In which Annie (high school teacher, mother of two young girls and a younger boy) and her aunt Deborah (children's bookseller, mother of two young women in their 20s) discuss children's books and come up with annotated lists.

Sunday, January 6, 2013


Dear Annie,

What a spectacular book Little Nemo in Slumberland is.  And those pictures of Jeff and Isabel reading!  We need to incorporate them into our permanent collection here on the blog.  The sheer size of the book makes me think of lying on the floor reading the Sunday funnies.

Way back in November, you wrote about George MacDonald's The Princess and the Goblin.  I'm curious to know what happens if you give it another try with Eleanor.  I don't know the book, but have been a fan of MacDonald's
The Light Princess
since my own childhood.  Was it part of your growing up?  It's such a delightful combination of fairy tale and wordplay.  And in 1969 (a year before publication of In the Night Kitchen) Maurice Sendak did a wonderful series of illustrations for it -- including one with a naked baby which apparently triggered none of the controversy that came a year later.

After longing for a child, a king and queen finally have a baby.  They forget to invite the king's sister, Princess Makemnoit, to the christening.  So of course she shows up, muttering a charm at the font:
"Light of spirit, by my charms,
Light of body, every part,
Never weary human arms --
Only crush thy parents' heart!"
They all thought she had lost her wits, and was repeating some foolish nursery rhyme; but a shudder went through the whole of them notwithstanding.  The baby, on the contrary, began to laugh and crow; while the nurse gave a start and a smothered cry, for she thought she was struck with paralysis: she could not feel the baby in her arms.  But she clasped it tight and said nothing.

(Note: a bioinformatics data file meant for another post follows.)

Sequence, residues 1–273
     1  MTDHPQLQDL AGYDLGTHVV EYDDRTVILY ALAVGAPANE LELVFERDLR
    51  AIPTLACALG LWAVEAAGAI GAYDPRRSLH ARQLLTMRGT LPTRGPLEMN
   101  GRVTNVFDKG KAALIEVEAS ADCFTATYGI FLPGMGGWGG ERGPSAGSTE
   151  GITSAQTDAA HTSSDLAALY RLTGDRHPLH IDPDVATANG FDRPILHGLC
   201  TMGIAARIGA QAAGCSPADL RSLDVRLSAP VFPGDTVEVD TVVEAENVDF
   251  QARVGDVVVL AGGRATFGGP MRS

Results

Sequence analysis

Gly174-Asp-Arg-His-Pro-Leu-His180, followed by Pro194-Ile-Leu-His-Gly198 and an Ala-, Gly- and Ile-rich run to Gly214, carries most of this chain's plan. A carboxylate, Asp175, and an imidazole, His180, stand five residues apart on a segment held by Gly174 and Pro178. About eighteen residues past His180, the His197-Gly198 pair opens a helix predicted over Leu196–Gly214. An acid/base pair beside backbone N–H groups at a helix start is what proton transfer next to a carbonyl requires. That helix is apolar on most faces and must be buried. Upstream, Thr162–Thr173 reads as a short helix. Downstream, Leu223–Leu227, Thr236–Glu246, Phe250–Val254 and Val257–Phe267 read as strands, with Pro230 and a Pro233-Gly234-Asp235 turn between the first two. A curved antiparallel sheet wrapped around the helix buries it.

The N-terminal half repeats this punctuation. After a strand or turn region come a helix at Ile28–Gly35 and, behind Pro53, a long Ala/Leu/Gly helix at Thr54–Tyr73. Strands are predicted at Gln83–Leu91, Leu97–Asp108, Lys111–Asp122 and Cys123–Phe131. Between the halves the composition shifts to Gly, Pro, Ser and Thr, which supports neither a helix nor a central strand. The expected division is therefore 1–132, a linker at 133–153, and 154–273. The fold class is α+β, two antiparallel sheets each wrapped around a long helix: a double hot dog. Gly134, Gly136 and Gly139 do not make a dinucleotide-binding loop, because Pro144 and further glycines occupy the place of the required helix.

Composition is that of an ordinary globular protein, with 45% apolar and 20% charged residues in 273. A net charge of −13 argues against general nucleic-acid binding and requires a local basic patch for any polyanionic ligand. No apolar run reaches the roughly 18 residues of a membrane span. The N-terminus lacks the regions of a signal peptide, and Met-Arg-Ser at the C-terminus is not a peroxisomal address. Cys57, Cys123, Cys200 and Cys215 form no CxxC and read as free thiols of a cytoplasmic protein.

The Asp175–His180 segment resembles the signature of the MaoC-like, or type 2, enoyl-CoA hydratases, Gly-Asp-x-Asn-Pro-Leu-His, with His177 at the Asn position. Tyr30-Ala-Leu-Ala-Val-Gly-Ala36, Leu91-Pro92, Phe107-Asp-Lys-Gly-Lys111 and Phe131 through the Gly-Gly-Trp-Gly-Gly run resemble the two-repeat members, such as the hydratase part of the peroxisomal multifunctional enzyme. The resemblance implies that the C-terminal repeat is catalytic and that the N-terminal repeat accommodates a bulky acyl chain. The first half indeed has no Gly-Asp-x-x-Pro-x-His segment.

The mischief was done.
The princess has no gravity, in both senses of the word.  When the baby is tossed into the air, she floats upward until air resistance slows her.  One summer day a breeze blows her out a window:
She's found in a rose bush. laughing cheerily.  She laughs at everything: floating above the servants' reach she's "like a baby-laughter-cloud in the air, exploding continuously."  She takes nothing seriously, making light of everything -- which makes her parents predictably sad.  To propel herself across the ground, she must hold onto rocks in each hand.
I may here remark that it was very amusing to see her run, if her mode of progression could properly be called running.  For first she would make a bound; then, having alighted, she would run a few steps, and make another bound.  Sometimes she would fancy she had reached the ground before she actually had, and her feet would go backwards and forwards, running upon nothing at all, like those of a chicken on its back.  Then she would laugh like the very spirit of fun; only in her laugh there was something missing.  What it was, I find myself unable to describe.  I think it was a certain tone, depending upon the possibility of sorrow -- morbidezza, perhaps.  She never smiled.
Eventually it is discovered that swimming gives her some gravity: she loves it and becomes a tad more serious when water is keeping her from floating away.  "Perhaps that was because a great pleasure spoils laughing." 

During one nighttime solitary swim, a prince wanders into the story and falls into the lake, where he falls in love with the lovely princess.  The evil witch gets wind of this and makes bad things happen to the swimming lake, and then the prince offers himself as a sacrifice to restore it.  His near-death -- and a good long cry on her part -- restore her gravity, and introduce her to love.  The wedding, which leads to happily ever after, has to be postponed, however, until she learns to walk, "for she could walk no more than a baby."

A satisfying and funny tale.



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